Learning Difficulties and Developmental Disorders
What are learning difficulties and developmental disorders?
There are a number of conditions which affect the way people learn. The most common of these is dyslexia. Learning difficulties are different from intellectual disabilities because they are not related to a person's intellectual capacity. Learning problems may continue into adulthood.
Dyslexia is a difficulty in processing information and can affect reading, writing, spelling, numeracy, time-keeping and personal organisation. It is estimated to affect up to 10% of the population.
Other conditions include Attention Deficit Disorder (ADD), Attention Deficit Hyperactivity Disorder (ADHD) and Dyspraxia. ADD and ADHD are mental health conditions characterised by excessive hyperactivity, inattention and impulsivity. Dyspraxia is a developmental disability which affects motor functions and process planning.
People with Aspergers Syndrome may also have specific learning difficulties, as well as problems with reading and interpreting social cues. Aspergers Syndrome is a form of autism, which is a lifelong disability that affects how a person makes sense of the world, processes information and relates to other people.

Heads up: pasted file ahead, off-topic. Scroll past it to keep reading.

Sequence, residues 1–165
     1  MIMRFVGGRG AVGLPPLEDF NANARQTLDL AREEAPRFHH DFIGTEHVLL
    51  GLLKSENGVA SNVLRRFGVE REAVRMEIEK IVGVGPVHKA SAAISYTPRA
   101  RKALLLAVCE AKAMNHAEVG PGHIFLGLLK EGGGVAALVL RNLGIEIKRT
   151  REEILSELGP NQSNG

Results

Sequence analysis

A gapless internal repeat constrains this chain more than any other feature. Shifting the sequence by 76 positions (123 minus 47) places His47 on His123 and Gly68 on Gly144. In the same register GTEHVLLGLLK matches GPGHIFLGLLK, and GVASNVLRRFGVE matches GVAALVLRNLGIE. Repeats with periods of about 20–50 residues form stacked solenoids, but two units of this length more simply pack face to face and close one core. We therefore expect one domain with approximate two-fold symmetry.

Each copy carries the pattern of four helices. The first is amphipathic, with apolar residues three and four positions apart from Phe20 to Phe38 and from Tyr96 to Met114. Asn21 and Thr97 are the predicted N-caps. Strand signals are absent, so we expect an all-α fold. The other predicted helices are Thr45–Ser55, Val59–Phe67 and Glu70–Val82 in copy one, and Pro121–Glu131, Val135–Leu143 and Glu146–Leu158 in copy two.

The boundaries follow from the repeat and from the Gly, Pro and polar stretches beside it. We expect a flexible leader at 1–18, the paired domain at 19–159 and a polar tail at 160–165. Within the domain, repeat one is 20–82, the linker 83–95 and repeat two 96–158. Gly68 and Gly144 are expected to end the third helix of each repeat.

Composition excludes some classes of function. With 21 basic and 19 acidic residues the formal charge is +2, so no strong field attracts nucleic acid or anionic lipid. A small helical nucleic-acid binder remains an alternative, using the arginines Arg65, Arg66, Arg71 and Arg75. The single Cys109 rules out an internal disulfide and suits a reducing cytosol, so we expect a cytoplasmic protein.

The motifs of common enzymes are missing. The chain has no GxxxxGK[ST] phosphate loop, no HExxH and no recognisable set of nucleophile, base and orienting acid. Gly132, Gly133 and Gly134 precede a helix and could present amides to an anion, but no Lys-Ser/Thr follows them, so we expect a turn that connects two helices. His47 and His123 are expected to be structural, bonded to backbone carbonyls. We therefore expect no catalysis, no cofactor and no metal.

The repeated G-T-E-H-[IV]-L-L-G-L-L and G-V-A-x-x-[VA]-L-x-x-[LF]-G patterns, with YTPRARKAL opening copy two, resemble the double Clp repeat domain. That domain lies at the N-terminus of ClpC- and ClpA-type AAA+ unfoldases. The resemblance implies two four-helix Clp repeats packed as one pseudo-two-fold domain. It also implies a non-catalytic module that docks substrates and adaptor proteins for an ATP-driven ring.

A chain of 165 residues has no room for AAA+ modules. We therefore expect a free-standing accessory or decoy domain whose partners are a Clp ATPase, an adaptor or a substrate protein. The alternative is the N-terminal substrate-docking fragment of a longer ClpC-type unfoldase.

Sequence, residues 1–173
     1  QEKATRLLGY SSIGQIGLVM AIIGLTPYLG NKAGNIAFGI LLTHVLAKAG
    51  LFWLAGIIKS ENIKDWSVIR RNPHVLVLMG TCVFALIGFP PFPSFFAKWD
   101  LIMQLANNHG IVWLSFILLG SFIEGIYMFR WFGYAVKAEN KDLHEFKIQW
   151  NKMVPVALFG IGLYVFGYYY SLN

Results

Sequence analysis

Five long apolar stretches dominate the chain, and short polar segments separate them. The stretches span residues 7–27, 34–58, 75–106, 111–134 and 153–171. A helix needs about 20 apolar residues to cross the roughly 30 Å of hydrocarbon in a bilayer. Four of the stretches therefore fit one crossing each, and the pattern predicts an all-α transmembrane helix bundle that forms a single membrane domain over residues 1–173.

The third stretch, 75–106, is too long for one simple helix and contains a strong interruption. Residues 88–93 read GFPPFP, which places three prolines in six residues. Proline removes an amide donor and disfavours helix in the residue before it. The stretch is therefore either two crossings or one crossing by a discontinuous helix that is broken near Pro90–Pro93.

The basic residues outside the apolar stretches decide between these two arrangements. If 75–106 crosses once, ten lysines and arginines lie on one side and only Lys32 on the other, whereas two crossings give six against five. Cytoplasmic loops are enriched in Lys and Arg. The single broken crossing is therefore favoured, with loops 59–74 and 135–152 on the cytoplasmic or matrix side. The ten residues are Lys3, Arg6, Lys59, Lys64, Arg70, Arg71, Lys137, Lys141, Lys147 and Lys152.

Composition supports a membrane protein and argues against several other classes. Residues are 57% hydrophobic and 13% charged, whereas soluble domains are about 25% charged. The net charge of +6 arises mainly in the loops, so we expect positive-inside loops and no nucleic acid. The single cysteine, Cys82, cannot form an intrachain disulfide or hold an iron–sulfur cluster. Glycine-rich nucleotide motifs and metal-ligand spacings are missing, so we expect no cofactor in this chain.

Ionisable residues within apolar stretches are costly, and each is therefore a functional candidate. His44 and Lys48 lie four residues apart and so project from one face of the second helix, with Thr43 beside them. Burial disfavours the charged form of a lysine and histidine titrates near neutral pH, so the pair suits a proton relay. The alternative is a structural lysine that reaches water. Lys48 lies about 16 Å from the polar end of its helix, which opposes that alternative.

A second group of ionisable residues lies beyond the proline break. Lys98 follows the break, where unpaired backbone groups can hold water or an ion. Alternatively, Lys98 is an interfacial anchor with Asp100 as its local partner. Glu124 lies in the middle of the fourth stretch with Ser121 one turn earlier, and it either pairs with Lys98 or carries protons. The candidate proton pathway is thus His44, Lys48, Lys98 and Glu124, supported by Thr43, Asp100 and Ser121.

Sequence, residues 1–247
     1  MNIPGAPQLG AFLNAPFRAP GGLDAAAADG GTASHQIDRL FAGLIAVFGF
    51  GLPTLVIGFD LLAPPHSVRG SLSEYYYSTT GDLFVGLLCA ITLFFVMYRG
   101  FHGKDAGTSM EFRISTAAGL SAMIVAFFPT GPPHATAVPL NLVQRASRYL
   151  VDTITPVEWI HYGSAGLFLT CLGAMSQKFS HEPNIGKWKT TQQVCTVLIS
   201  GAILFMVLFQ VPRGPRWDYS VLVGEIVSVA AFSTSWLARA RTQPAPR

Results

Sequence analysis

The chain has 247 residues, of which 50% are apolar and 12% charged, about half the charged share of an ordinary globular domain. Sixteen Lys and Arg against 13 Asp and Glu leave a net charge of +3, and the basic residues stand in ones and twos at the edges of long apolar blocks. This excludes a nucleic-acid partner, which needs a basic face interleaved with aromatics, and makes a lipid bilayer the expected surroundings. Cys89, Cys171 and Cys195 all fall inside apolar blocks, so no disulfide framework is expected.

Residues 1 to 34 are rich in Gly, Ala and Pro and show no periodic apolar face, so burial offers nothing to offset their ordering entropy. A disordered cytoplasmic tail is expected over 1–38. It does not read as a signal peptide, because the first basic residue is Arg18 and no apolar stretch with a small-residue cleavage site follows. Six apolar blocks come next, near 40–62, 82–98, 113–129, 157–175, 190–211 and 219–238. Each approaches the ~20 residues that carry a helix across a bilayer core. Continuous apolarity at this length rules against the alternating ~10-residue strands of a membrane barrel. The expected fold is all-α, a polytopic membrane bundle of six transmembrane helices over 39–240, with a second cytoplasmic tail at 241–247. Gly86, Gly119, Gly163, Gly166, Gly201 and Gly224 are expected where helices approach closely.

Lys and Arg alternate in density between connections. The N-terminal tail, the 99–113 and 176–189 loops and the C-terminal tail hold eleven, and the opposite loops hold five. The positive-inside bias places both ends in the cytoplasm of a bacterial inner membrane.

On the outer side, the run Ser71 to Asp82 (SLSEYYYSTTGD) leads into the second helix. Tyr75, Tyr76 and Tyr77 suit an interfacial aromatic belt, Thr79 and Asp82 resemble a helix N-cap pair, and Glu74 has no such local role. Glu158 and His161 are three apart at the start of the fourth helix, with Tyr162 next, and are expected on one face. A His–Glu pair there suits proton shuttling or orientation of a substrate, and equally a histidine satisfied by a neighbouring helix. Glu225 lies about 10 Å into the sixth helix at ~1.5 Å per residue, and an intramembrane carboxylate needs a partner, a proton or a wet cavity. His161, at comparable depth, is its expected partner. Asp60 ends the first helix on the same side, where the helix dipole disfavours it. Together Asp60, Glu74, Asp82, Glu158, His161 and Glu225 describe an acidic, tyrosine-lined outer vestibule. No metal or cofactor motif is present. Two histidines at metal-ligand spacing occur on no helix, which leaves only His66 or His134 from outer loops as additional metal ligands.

How do learning difficulties and developmental disorders affect people in employment?
- Dyslexia affects people in different ways. Many people will have found their own ways of managing its impact on their lives during their education or with an earlier employer. Others may not know that they have dyslexia. A health professional may be required to identify the specific needs of an employee.
A specialist who understands the employee's job and the tasks they are required to undertake will be able to suggest ways in which an employer can make accommodations and support a person with dyslexia to perform well at work.
- Aspergers Syndrome also affects people in different ways. It may affect the way people learn job tasks and integrate into a workplace.
SPELD NZ the Specific Learning Disabilities Federation, has 29 member associations nationwide and has been helping people who learn differently for 30 years.
The Dyspraxia Support Group of NZ provides support and guidance to people with dyspraxia and the parents of children with dyspraxia.
The National Autistic Society in the UK has useful tips for employers amongst a wide range of other guidance.